* I did not "interpret" anything and was waiting for doctor to interpret.

So that's where we are. Dr. XXX did prescribe a cholesterol med which we pick up tomorrow.

This of course could all just be a little "blip" and of minor consequence, but thought a full disclosure would clear the air. And, maybe Dr. XXX was just trying to insert a "possibility" that driving may not be an option at some future date and the test would ease my mind. 

Rather a difficult week.  



Needless to say, this email made me burst into tears.  I can't stand that my Mom sent this email out with a DO NOT REPLY TO THIS message.  But I guess I should be grateful that she has communicated with us about my Dad's health concerns AT ALL, seeing as when I was a teenager I found out my Mom had breast cancer via a family friend. @#$%!*&!@#$%!

Seeing as MY communication skills aren't all that great, I am not sure what else to write here. I guess I am feeling what anyone would feel if they received this kind of information about a loved one.  :[  


Rita Templeton said...

I wonder why she didn't want you to reply? She didn't want you to feel obligated, maybe, or anticipated that you wouldn't know exactly what to say? Regardless, if it were me I would need to reply with something. I have no idea what, but ...

My parents are in their sixties. My mom just turned 65 and so far they're still active and relatively healthy, but it scares me to death to think of them getting old and infirm (or insane!). My grandmother had Alzheimer's, and I saw my mother struggle with taking care of her. It was hard on all of us. I worry so much about the time when I'm thrust into that role, you know? I mean, it seems like your parents should always be ... parents. Like capable and functional, endlessly.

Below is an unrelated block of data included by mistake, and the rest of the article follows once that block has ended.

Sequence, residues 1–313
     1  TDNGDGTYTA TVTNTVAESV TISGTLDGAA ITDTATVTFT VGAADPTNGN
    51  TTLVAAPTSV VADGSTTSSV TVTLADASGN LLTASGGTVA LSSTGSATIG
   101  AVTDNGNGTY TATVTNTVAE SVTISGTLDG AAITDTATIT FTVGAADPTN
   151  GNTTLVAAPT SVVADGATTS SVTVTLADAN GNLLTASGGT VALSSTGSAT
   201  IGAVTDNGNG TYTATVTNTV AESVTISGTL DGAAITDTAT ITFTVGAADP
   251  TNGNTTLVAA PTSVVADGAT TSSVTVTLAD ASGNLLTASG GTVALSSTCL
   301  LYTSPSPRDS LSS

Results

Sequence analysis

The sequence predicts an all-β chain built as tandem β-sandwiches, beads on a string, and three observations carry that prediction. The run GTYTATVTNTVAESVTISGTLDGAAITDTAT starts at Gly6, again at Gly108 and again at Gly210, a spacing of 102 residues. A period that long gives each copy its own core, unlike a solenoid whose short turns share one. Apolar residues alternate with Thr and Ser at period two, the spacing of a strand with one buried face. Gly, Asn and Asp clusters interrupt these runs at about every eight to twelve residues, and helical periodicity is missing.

My mom is like yours. She lives four hours away from me. Once when I called just to chat and was like, "What are you doing?" she was all, "Oh, just getting discharged from the hospital." WTF, Mom?!

Claire Kiefer said...

OMG found out your mom had breast cancer through a family friend?!?! That is crazy and upsetting. But I'm glad she's okay.

I can imagine how scary it was to get an email like that from your mom, but try not to worry too much. The kinds of things your mom has observed about your dad seem pretty typical of people his age. And your mom is obviously very on the ball!

Wonder why she prefaced the email with DO NOT REPLY? Did you call your sister immediately? That's what I would have done.

Sending hugs southward.

Cheryl Ann said...

oh, girl - hugs and hugs and hugs to you and your siblings...

my parents haven't gone through any major health issues yet, but i've already asked them to be totally up-front and honest with my brother and i when something does happen. we'll see how that goes...

we got a lot of similar emails earlier this year, from Saul's mom, regarding his dad's health. unfortunately, the information was given to us as a reaction to his diagnosis, and not as a preemptive step, like your mom seems to have done. the news is shitty, regardless of the situation - we never want to see our parents as anything but the picture of health.

like i said - hugs and hugs...

sporkgasm said...

The do not reply thing is a little awkward. I understand why she might do it though. I'm sure it was as tough for her to write out as it was for you to read. My mom has very selective communication.